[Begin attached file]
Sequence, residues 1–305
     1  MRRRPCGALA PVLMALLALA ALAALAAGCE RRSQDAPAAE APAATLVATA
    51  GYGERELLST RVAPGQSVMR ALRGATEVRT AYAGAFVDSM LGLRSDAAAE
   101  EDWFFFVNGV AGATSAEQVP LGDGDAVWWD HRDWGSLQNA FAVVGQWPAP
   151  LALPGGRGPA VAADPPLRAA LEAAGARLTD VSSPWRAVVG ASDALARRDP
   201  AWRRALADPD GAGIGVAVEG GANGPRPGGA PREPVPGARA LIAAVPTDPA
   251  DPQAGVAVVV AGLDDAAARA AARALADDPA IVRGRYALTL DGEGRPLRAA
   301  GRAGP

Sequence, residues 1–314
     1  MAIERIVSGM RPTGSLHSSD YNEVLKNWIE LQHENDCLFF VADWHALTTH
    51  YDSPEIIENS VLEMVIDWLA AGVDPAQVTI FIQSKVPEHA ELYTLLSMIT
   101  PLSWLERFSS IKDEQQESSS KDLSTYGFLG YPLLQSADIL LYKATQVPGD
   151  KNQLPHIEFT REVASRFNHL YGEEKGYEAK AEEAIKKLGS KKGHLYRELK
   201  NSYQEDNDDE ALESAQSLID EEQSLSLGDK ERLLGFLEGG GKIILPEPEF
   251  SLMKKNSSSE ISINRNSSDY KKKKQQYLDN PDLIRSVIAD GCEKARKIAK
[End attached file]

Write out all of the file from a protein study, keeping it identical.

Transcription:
Sequence, residues 1–305
     1  MRRRPCGALA PVLMALLALA ALAALAAGCE RRSQDAPAAE APAATLVATA
    51  GYGERELLST RVAPGQSVMR ALRGATEVRT AYAGAFVDSM LGLRSDAAAE
   101  EDWFFFVNGV AGATSAEQVP LGDGDAVWWD HRDWGSLQNA FAVVGQWPAP
   151  LALPGGRGPA VAADPPLRAA LEAAGARLTD VSSPWRAVVG ASDALARRDP
   201  AWRRALADPD GAGIGVAVEG GANGPRPGGA PREPVPGARA LIAAVPTDPA
   251  DPQAGVAVVV AGLDDAAARA AARALADDPA IVRGRYALTL DGEGRPLRAA
   301  GRAGP

Sequence, residues 1–314
     1  MAIERIVSGM RPTGSLHSSD YNEVLKNWIE LQHENDCLFF VADWHALTTH
    51  YDSPEIIENS VLEMVIDWLA AGVDPAQVTI FIQSKVPEHA ELYTLLSMIT
   101  PLSWLERFSS IKDEQQESSS KDLSTYGFLG YPLLQSADIL LYKATQVPGD
   151  KNQLPHIEFT REVASRFNHL YGEEKGYEAK AEEAIKKLGS KKGHLYRELK
   201  NSYQEDNDDE ALESAQSLID EEQSLSLGDK ERLLGFLEGG GKIILPEPEF
   251  SLMKKNSSSE ISINRNSSDY KKKKQQYLDN PDLIRSVIAD GCEKARKIAK